If you are new to Salesforce or Einstein Analytics and you haven’t been in the trenches getting data curated for Einstein Analytics you might not have heard the term “Data Sync” even if you have heard of it you probably don’t fully understand it. Don’t fret I am the Product Manager for this feature and there are times I am not sure what magic is happening. It’s not that the concept is foreign, we have been staging data for analytics for as long as data warehouses have been around. The mystery is around how it is executed and what sort of methods can be used to make it more efficient.
Ok let’s start with the basics; Data Sync is a mechanism for establishing a link to an object in a data source (we call them connections facilitated by connectors in Einstein Analytics) that can be used to copy some or all of the data into Einstein Analytics. We have different Connectors that can be used to set up connections to applications and databases such as Snowflake, BigQuery, Redshift, Salesforce, Marketing Cloud and numerous others. Not all connectors are created equal, they have different features and limits so be sure to read the documentation for the ones you plan to leverage.
Salesforce Local (aka SFDC_Local) connections (the Salesforce Org that hosts the Einstein Analytics you are using) have particularly special capabilities when it comes to Data Sync. So it is important to consider the connection you are using when contemplating how to use a particular connection. Check out the documentation for more detailed information.
One of the more powerful capabilities for SFDC_Local is something called “Connection Mode” which for objects coming from the local Salesforce org allows for incremental load capabilities. In the future, we’ll dive into this topic in more detail, but for now, just understand objects capable of supporting incremental will load faster, therefore, decreasing the overall processing time and load on the system (win-win).
For Data Sync regardless of the connection a single object/table is set up at a time and the process involves using the connection to query the metadata of the database/application API to obtain field names and datatypes. We also pull back sample data to help evaluate if you are selecting what you really want.
You are using this step as a means of only bringing in relevant and needed fields to keep things simple and clean.
Recently we’ve also added Filters to the connectors that can support them so you can limit the data coming in rather than limiting it afterward of course if it makes sense to do so.
If a connector supports filtering we add a section to it’s documentation page identifying it as such and you will see the “filter icon” in the Preview Source Data page as well.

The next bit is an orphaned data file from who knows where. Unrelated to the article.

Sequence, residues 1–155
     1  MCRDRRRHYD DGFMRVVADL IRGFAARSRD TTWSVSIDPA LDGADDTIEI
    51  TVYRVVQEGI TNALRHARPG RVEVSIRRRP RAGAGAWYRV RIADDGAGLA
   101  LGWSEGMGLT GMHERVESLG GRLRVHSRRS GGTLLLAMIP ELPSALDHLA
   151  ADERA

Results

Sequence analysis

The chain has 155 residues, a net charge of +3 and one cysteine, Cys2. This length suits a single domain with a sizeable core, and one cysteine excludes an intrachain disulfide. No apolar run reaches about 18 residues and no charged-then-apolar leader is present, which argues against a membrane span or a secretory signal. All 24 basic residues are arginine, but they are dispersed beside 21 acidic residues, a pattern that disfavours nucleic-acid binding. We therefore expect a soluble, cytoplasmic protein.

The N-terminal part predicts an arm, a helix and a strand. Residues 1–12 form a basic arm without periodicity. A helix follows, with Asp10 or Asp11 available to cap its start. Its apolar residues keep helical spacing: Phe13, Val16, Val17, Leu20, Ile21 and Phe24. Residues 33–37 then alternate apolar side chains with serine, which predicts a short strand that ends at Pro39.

Ok, you have a connection and you have an object set up for Data Sync. Now it just magically stays in sync all the time … right … no it’s not that magical. We have to schedule Data Sync to run and that is done at a connection level. So you will want to pick the right time of day for refreshing the data in Einstein Analytics for the different connections you have. And with our scheduling capabilities, you can schedule up to every 15 minutes. But hold your horses bucko, just because we can schedule every 15 minutes doesn’t mean you should as your load may take 1 hour to run so we will be canceling jobs more than running them. This is the part I was talking about how stuff behind the scenes is getting “resolved” but you don’t see it unless something goes wrong.
A cool thing about the scheduling of Data Sync is that you can use it to drive your Recipes in Data Prep. So, if you make the Recipe’s schedule dependent on Data Sync, when Data Sync is done your Recipe runs and you have the latest and greatest data.
Oh and on the topic of an enhancement that we have done recently. In the past, you could have only 1 connection for your Salesforce Local. So everything ran every day or every hour … a bit painful. Well, we have added Connection Groups (up to 10 of them) that you can create so you can schedule 1 object for every 15 min, 5 for every hour, and 20 for once a week if you need to.
The way to do this same thing for non-Salesforce Local scenarios is to just create new connections since scheduling is done at that level.
Why do we even need to do this sync stuff, can’t we just pull it from the source when we need it? Well, the answer is yes you can in some cases, but in others, your operational teams will be quite irritated that your dashboards are impeding the operations of the business. Data Sync facilitates those cases where your data does not need to be up to the minute fresh for the cases where that is the requirement we have Salesforce Operational Reporting and also some new Direct Connectors for Salesforce and Snowflake that can be leveraged in Einstein Analytics.
One more topic that sometimes comes up related to Data Sync is that there are “limits”; Salesforce as a multi-tenant environment uses limits to manage and maintain expected service levels. So for Data Sync, we have some base limits such as the 100 objects; meaning no more than 100 objects can be set up for sync by default. If you hit this limit this is something we can discuss extending and we are examining if globally we might increase this. The other primary consideration is that we allow for 3 concurrent syncs to run at a time. So there is a need to set up a scheduling strategy to allow things to complete in a reasonable time without competing. See the documentation for additional limits.
Hope that helps illuminate the whole Data Sync topic or you all! Stay tuned as there is more to come on this front